Collagen is the most commonly used and still the only organic BMP-carrier approved by American and European regulatory agencies for clinical use (13,16). The rhBMP-2 carried by absorbable type 1 collagen sponge, by particulate bone-derived type 1 collagen or by particulate collagen combined with carboxymethyl cellulose is commercially available in North America and Europe, restricted to specific needs depending on each country’s regulatory authority (22). Despite the obvious success in promoting recovery of bone damage in the orthopedic and dental practices, including augmentation of maxillary sinus floor, induction of alveolar bone formation for placement of osseointegrated implants and augmentation/preservation of human alveolar ridge after tooth extraction (4,7,8,11), the clinical use of rhBMP-2 has raised concerns regarding its safety and efficacy, since excessive/ectopic bone formation and the possibility of toxicity, immunogenicity and carcinogenesis associated with excessive doses of the protein or with the collagen used as a carrier have suggested the need for further clinical trials (8,11,13).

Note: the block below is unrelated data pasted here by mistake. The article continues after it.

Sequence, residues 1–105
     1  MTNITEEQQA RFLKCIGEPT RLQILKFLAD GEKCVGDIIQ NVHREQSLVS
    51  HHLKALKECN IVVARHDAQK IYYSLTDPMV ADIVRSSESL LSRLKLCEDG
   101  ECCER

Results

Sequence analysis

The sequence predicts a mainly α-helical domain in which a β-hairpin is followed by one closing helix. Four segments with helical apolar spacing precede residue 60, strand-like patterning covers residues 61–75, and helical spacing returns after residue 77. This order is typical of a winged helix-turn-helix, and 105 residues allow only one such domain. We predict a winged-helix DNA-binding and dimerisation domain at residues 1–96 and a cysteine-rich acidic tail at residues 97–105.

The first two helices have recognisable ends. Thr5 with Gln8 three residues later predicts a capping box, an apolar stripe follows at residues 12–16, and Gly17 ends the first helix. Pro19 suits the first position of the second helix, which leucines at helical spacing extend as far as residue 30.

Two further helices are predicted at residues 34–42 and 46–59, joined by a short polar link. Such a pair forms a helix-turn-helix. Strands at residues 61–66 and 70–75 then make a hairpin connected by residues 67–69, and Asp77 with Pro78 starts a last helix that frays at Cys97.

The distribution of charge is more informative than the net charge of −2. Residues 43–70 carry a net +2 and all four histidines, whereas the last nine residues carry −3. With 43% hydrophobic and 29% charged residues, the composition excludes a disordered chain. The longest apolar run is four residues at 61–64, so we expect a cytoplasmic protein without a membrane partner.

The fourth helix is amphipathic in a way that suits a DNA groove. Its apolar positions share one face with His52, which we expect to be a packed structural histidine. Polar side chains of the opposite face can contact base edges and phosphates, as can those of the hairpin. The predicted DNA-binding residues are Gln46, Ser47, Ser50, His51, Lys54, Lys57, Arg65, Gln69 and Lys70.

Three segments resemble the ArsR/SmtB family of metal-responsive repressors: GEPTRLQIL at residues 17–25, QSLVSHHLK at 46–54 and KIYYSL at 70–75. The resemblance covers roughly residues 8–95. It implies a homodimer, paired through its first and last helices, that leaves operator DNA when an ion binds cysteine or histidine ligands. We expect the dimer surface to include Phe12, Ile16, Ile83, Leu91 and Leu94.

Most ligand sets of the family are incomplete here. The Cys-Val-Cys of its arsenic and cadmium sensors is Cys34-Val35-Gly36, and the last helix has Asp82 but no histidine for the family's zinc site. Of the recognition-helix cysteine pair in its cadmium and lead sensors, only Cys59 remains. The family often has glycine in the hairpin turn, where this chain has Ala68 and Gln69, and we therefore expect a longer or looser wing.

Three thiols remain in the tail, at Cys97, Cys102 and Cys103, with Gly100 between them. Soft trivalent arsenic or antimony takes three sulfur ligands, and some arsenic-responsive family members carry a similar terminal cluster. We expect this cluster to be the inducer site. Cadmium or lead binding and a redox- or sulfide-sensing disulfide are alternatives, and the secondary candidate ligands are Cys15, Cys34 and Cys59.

In Brazil, it is commercially available a national product consisting of a pool of purified BMPs extracted from bovine fetal cortical bone. This material, adsorbed to synthetic microgranular hydroxyapatite, was tested for treatment of rat calvarial critical size bone defects, resulting in formation of a foreign body reaction that markedly inhibited new bone formation, allegedly because synthetic microgranular hydroxyapatite may not represent a good carrier for BMP (18). Moreover, when adsorbed to synthetic microgranular hydroxyapatite and added to granules of organic bovine bone matrix before implantation into human intrabony periodontal defects, this pool of purified BMPs did not provide added effects to guided tissue regeneration in terms of clinical parameters (23). The same material, added to granules of inorganic bovine bone and agglutinated with bovine collagen, inhibited bone regeneration in segmental defects in the radial diaphysis of rabbits (20). Using a microgranular resorbable hydroxyapatite as a carrier and mixing with bovine collagen, this material did not stimulate new bone formation in rat alveolar sockets (21); the authors suggested that the material did not warrant incorporation of the osteoinductive proteins to a slow-absorption system that would allow a BMPs release rate compatible to that of new bone formation.